Celebrate Shabbat with us
Shabbat in the Garden
WITH OUR CO-PRESIDENT, SUE GREEN
FRIDAY, JUNE 18
SAWTOOTH BOTANICAL GARDEN at 6 PM
Oneg to follow
The Weekly Parsha
Parasha Chukat (Decree)
Moses is taught the laws of the red heifer, whose ashes purify a person who has been contaminated by contact with a dead body. With this comes the tradition of washing our hands after attending a burial or visiting a cemetery.
After forty years of journeying through the desert, the people of Israel arrive in the wilderness of Zin. Miriam dies, and the people thirst for water, as the well that has followed her throughout their wandering is now gone. God tells Moses to speak to a rock and command it to give water. Moses gets angry at the rebellious Israelites and instead of speaking to the rock, he strikes the stone twice. Water pours forth, but Moses is told by God that neither he nor Aaron will enter the Promised Land. Aaron dies soon thereafter.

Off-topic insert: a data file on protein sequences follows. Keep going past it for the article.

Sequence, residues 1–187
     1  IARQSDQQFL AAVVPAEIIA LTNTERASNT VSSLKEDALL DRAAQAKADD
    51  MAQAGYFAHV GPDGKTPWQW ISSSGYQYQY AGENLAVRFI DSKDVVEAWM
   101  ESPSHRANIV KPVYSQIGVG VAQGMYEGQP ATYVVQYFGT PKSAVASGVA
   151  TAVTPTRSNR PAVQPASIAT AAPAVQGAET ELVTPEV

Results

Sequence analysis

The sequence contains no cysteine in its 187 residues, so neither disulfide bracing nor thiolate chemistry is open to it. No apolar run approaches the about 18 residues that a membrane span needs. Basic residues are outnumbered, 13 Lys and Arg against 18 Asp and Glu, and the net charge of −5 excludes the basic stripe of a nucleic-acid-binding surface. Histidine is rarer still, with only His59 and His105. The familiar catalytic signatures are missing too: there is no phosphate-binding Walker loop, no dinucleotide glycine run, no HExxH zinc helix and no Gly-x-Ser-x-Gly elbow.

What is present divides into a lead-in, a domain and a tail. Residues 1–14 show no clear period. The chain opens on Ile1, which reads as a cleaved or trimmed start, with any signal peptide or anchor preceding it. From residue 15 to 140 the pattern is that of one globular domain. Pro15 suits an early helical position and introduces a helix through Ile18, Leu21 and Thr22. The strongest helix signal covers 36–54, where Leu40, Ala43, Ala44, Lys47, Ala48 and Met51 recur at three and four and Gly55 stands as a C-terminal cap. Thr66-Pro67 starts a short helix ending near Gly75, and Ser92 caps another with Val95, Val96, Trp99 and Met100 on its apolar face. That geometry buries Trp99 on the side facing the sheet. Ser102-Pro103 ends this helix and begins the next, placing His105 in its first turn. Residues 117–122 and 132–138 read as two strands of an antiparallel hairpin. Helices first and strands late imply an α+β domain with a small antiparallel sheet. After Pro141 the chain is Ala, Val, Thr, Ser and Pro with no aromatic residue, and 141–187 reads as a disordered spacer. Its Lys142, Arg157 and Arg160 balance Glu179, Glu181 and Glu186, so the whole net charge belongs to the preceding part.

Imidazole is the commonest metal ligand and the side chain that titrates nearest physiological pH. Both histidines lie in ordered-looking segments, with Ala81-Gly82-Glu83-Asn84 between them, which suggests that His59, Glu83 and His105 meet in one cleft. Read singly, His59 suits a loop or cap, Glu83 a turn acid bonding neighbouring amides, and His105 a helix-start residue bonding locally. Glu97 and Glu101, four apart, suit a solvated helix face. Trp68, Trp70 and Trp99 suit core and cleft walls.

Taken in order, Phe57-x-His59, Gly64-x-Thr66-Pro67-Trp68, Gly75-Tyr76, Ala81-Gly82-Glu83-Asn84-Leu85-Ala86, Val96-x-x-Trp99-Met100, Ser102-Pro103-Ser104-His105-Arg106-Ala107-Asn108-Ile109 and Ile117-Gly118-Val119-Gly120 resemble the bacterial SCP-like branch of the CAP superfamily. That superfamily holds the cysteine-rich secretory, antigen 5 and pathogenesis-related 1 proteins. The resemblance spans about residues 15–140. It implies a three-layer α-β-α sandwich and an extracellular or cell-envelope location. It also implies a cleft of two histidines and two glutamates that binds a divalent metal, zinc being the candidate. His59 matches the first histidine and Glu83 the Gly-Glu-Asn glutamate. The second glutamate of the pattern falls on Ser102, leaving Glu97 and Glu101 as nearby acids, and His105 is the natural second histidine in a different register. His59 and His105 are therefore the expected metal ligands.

Moses Maimonides claims that God punished Moses because of God’s exasperation with the complaints and quarreling of the Israelites (Shemonah Prakim 4). Miriam is looked upon as a heroine, as the Israelites sing a song to honor her after her death. She is one of the most revered women in Judaism, and today, that is acknowledged at Passover as many provide a “Miriam’s Cup” of water at their seders to honor the fact that she, too, kept the Israelites alive in the desert. Aaron’s son, Elazar, succeeds him as the high priest, passing on the “kohanim” priesthood for generations.